Prevalence and risk factors of conditions causing lameness in sheep under free range grazing system in Kajiado district, Kenya
Mugo, S G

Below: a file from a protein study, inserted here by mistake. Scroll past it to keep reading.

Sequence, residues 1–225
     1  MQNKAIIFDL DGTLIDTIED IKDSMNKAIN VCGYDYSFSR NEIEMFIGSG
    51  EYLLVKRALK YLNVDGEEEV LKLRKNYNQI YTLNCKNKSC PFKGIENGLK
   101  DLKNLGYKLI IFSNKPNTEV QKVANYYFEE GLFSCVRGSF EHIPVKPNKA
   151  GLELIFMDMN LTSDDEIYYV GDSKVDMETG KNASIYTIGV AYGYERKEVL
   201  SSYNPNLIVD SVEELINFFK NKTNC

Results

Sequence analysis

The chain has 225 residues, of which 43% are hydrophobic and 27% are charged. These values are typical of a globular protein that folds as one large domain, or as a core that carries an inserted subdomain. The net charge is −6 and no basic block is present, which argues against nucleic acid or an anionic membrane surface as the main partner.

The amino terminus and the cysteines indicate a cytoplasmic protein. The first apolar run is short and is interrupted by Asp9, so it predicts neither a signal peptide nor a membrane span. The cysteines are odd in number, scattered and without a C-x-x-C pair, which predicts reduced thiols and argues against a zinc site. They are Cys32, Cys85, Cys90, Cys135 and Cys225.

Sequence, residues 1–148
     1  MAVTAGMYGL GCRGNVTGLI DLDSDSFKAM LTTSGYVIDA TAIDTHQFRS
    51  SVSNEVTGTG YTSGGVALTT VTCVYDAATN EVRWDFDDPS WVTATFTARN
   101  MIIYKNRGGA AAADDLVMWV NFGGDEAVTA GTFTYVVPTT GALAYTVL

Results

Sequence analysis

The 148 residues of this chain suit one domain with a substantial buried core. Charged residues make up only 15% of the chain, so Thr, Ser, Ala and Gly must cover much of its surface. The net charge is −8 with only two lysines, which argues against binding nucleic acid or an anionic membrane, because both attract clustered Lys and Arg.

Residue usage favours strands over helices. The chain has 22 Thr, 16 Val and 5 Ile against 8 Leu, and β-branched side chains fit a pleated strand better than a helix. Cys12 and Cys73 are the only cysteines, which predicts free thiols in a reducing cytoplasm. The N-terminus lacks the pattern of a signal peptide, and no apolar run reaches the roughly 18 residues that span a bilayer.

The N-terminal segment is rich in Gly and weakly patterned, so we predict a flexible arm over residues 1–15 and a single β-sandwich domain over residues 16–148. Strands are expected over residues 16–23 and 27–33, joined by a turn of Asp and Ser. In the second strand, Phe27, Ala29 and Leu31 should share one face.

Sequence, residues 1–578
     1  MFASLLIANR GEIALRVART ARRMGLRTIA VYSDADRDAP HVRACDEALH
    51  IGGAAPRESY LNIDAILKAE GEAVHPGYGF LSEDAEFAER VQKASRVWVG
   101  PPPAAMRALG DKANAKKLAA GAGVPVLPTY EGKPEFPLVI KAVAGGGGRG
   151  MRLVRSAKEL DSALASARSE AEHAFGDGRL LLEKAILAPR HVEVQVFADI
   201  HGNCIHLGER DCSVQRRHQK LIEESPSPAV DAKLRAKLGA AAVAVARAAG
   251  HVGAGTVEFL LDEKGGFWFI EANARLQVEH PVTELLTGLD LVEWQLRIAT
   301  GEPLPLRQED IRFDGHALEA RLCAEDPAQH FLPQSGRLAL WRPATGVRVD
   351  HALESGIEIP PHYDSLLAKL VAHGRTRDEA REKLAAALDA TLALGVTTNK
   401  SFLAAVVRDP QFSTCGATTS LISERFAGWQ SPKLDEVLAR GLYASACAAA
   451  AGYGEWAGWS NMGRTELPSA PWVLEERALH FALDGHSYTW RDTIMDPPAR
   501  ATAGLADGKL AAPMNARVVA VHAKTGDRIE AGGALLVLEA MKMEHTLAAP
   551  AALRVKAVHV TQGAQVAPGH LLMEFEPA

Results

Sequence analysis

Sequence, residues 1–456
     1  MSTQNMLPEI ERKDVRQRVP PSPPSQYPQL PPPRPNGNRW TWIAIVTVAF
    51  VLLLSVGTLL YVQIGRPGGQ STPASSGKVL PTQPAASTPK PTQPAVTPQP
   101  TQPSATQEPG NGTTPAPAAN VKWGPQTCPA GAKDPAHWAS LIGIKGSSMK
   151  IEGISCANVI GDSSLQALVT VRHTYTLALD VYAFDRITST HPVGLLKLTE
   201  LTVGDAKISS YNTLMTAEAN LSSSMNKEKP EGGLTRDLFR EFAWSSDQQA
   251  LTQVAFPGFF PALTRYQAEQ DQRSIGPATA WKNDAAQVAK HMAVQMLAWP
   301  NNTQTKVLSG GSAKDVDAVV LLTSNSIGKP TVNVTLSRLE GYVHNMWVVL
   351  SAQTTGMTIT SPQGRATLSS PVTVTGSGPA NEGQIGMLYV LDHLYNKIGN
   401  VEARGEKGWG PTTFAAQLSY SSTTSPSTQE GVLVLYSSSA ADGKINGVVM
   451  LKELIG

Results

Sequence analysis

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Lameness can be a cause of negative economic output in sheep farming owing to its adverse effects on productivity, reproductive performance and poor growth performance in lambs. The extent of lameness in sheep and its associated predisposing causes in Kenyan sheep rearing systems has not been elucidated. This study was carried out in sheep under free-range grazing system in Kajiado District, Kenya, from March 2010 to June 2010 with the following objectives (1) to determine the prevalence of conditions causing lameness, (2) to determine the possible risk factors predisposing the sheep to lameness conditions. This was a cross-sectional study in which each farm was visited several times, but each sheep on the farm was examined only once. Ten study farms were purposively selected from three divisions of Kajiado District, based on the willingness of the farmers to allow examination of their sheep and also on the stability of the farm's grazing routine from more nomadic tendencies. The data was collected either by filling a formal questionnaire with answers given through interviewing the farmers, farm managers or stockmen on animal-level factors, or by recording observations made on the farm regarding farm-level factors. The 10 farms had a total of 1916 sheep that met the study criteria. Out of these, 117 sheep were identified as lame during general locomotion scoring as they walked on a flat firm part of the ground. Each of these 117 sheep were examined closely for specific conditions or disorders causing lameness. Information on the actual disorders causing lameness was recorded. The location of the disorders on the limb, affected limbs whether fore or hind, and the affected claws whether lateral or medial were recorded in data collection sheets. The lesions causing lameness were photographed. A mark was put on each examined sheep to avoid repeat examination. Overall prevalence of lameness was 6.1 % (117/1916), out of which the conditions with relatively higher percentages of occurrence were sole erosion (3.8%, 72/1916), overgrown claws (3.2%, 61/1916) and tick-bite dermatitis (1.6%, 30/1916). Infective conditions such as foot rot and interdigital dermatitis had prevalence of less than 1%. The rest of the conditions such as shelly hoof, soil-balling, over-trimming and bone problems were incidental findings each in a single sheep. The conditions causing lameness occurred on the foot in 94% (110/117) of the lame sheep and on proximal parts of the limb in 6% (7/117) of the cases. The distribution of the conditions among the lame sheep was 43.6% (51/117) on the hind limbs, 23.1 % (27/117) on the forelimbs and 33.3% (39/117) affected both hind and fore limbs. Although there were several animal-level factors evaluated, the only factors found to be significantly associated with higher locomotion score were the number of limbs with lesions (X2 =11.15, P = 0.004), the affected limbs whether fore or hind (X2 = 9.20, P = 0.010), the affected claw whether medial or lateral (X2 = 16.98, P = 0.05) and the type of lesion (X2 = 4.71, P = 0.030). The only farm-level factor that was significantly associated with higher locomotion score was presence of traumatic objects in the grazing grounds This study concludes that the prevalence of lameness in sheep under free-range grazing system of dry zones such as Kajiado District is relatively low due to minimal farm-level risk factors. Similar prevalence studies should be carried out in high potential and wet areas of Kenya for comparison purposes.